Aromatherapy in Pregnancy

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aromatherapy: aro·ma·ther·a·py - noun - The use of volatile plant oils, including essential oils, for psychological and physical well-being.


The principle of aromatherapy has been practised for thousands of years starting with the Ancient Chinese and Egyptians whose use of scent and oils is well documented.  Though the use of aromatherapy has continued well into our time, recent interest has refueled the use of essential oils for therapeutic, cosmetic, fragrant and spiritual use.


In the early days of my pregnancy, I asked good friend and qualified Holistic Aromatherapist, Gillian Joseph for some advice on how to aromatherpay could benefit me.  (Thank you Gill).  The following advice is for women with no history of miscarriage and no health problems.




Here are a few ideas that might help relax and invigorate you during your brand-new, exciting and wonderful pregnancy. 

One of my favourite blends during pregnancy is petitgrain and ylang ylang. It's such a "summer"-feeling aroma, really uplifting and great after a long day or when you just need a lift. As another plus-point, neither oil is particularly expensive (petitgrain being known in the trade as "poor man's neroli"), which is a benefit for broke lassies like me!

For a safe and wonderful pregnancy massage, blend 1 drop each of petitgrain and ylang ylang oils with 10ml (sorry, I work in the new-fangled measurement for work stuff!) of a carrier oil such as grapeseed or sweet almond oil. You could even use olive oil, but it's fairly sticky and has an aroma that tries to compete with the aromatics. If you're using food-type oil, sunflower is a better bet, but cold-pressed specific massage oil would be the best idea.

If adding the oils to a bath, make a mixture of one drop of each oil to 5ml (one teaspoon) of the carrier oil (i.e. the grapeseed, etc.), run the bath first, close the doors, add the mixture to the bath and swirl around. Get yourself in, lie back, and try to breathe in the aroma deeply.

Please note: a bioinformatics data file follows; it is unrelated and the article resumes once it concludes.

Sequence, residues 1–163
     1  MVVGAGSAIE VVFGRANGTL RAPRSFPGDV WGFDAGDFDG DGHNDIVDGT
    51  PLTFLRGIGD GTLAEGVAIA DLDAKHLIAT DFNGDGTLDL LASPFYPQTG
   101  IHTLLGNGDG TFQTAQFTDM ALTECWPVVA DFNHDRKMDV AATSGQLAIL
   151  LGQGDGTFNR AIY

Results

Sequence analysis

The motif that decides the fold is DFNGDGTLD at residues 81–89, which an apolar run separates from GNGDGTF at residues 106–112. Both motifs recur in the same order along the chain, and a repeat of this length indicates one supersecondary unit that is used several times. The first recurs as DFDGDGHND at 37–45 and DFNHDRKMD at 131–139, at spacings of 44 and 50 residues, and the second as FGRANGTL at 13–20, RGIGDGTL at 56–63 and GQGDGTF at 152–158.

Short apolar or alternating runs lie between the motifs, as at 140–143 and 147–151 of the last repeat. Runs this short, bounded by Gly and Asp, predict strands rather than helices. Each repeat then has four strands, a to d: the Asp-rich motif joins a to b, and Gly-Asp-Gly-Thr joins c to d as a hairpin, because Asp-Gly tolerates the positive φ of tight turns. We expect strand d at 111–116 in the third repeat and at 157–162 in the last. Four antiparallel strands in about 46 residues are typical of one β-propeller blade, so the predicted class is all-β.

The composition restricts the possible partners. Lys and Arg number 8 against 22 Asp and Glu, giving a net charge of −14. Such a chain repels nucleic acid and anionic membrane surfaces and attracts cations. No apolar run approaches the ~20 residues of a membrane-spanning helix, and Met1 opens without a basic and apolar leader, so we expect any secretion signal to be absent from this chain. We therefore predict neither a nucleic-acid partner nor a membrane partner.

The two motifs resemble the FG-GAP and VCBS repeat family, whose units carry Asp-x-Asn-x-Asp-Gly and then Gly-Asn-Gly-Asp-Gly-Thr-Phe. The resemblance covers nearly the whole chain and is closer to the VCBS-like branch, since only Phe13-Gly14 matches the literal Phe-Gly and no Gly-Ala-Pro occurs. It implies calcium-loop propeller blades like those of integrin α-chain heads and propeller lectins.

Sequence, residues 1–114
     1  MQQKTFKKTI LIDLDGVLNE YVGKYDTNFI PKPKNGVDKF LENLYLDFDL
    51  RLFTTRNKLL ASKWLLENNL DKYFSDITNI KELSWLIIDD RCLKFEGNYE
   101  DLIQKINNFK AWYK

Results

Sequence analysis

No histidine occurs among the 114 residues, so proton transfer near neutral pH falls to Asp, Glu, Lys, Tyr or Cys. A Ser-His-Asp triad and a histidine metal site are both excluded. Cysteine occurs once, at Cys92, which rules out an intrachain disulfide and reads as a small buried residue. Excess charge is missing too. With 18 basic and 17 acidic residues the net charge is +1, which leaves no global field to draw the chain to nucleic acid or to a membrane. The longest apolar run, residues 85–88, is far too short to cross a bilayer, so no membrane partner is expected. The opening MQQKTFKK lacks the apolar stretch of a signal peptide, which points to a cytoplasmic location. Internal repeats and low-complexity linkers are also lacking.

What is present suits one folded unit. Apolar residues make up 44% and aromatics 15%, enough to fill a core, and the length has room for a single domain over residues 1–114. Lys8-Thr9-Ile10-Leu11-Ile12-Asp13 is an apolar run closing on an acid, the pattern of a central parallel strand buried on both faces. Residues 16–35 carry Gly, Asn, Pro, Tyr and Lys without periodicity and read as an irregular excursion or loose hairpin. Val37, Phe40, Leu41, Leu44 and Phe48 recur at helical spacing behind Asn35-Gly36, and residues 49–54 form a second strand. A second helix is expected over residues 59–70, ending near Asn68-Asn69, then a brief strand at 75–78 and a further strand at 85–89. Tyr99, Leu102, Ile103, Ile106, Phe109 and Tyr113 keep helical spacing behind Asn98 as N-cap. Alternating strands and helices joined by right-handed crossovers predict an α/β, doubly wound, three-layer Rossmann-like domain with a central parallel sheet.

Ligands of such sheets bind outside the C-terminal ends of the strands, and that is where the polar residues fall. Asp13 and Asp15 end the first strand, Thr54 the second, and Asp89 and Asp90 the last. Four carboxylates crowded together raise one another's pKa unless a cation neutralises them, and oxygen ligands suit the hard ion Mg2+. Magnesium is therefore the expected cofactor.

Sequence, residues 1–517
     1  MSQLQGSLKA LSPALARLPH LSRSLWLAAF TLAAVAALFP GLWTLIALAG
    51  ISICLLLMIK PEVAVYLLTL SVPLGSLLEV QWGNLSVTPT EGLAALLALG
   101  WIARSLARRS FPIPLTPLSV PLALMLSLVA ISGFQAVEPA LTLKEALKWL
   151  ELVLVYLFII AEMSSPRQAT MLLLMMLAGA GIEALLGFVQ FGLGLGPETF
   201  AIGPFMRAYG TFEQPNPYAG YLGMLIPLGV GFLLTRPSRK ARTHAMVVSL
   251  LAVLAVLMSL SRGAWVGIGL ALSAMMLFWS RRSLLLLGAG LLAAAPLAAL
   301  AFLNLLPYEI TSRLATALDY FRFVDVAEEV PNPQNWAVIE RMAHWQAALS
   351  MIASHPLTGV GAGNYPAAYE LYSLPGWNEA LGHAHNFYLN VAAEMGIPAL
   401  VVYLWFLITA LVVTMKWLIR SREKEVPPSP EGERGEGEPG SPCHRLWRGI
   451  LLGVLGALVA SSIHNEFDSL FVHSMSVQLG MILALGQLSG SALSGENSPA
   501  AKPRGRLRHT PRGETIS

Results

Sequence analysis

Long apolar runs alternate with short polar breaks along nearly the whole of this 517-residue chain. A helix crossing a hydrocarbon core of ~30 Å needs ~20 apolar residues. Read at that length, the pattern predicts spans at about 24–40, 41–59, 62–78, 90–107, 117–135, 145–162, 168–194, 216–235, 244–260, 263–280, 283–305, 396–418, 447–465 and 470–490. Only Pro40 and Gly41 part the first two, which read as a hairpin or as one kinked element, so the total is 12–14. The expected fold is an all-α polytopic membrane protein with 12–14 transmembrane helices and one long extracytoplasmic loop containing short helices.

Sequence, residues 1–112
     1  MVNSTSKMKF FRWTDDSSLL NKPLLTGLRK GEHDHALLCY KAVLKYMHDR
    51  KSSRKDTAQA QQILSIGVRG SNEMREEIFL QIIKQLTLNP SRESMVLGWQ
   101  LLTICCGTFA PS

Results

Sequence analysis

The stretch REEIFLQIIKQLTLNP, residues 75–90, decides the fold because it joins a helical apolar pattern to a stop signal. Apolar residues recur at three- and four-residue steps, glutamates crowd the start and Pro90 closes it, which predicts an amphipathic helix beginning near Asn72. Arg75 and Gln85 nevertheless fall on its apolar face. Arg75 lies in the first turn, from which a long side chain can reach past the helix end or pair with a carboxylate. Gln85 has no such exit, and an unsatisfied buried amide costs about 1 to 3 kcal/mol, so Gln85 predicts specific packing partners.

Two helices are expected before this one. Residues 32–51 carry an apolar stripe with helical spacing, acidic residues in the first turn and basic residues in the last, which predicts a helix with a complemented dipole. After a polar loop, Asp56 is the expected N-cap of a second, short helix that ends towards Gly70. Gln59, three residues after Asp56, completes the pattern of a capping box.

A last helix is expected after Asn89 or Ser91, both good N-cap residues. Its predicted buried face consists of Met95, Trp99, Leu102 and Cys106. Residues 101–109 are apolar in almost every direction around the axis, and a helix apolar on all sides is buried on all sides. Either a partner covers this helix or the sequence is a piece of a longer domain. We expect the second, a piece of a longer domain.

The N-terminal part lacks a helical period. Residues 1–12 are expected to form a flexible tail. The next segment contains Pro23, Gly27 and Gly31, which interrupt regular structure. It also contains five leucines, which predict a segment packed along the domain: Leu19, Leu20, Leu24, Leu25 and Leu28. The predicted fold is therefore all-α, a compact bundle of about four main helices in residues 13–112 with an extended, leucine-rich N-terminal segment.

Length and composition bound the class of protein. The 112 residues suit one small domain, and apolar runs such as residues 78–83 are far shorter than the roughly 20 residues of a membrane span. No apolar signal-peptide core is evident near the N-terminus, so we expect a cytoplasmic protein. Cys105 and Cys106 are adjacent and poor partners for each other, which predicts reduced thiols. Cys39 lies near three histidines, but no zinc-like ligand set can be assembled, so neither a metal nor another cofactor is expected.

For tummy aches and pains, or pains anywhere else as well as deep relaxation, try the same dilution of lavender and Roman chamomile. There are a few types of chamomile oil, but look for the Latin botanical name Anthemis Nobilis and you've got the right stuff.

For morning sickness (or as I had it, morning/afternoon/night/time-I-hadn't-previously-recognised sickness), you can pop one drop of peppermint oil onto a tissue and place it within sniffing distance. Don't take massages or baths with peppermint during pregnancy, however, as it's a bit stimulating when applied directly to the skin.


There's some debate in the professional aromatherapy world on the best combinations of oils for pregnant women. These are my opinions, but they definitely err on the side of caution as regards safety and effects. 



**Use this advice at your own discretion**


For more information on aromatherapy's healing advantage, check out AromaWeb.
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2 comments:

Jana said...

Interesting that you posted on this topic today, Sarah -- just yesterday I was reading up on which essential oils are safe/unsafe during pregnancy. (Because I noticed almost all the EOs I had bought/could find had "avoid if pregnant" on the label). I noticed your aromatherapist's advice didn't include any information about safety... I found these two links to be interesting:

http://aromatherapy.suite101.com/article.cfm/essential_oils_for_pregnancy

http://www.essentialoils.co.za/pregnancy.htm

I was interested because I was making some homemade deodorant and hand soap using EOs, and was hoping to be able to continue to use these products during a (hopefully upcoming) future pregnancy. I couldn't find much on the safety of EOs in a pretty well diluted topical form, as most sites discuss aromatherapy uses.

Sarah said...

I don't think you will find anything concrete on the topic of aromatherapy during pregnancy as the the results of research appear to be very unclear.

This advice err's on the side of caution, for a healthy pregnancy with no history of miscarriage. This is ONE aromatherapists opinion and should be taken as such...and I am sure you will find varying opinions within the professional community.

Thanks for pointing the safety issue out to me, as I thought it was clear in the article...but apparently not :)

PS The massage oil worked wonderfully for me during the yucky first trimester.

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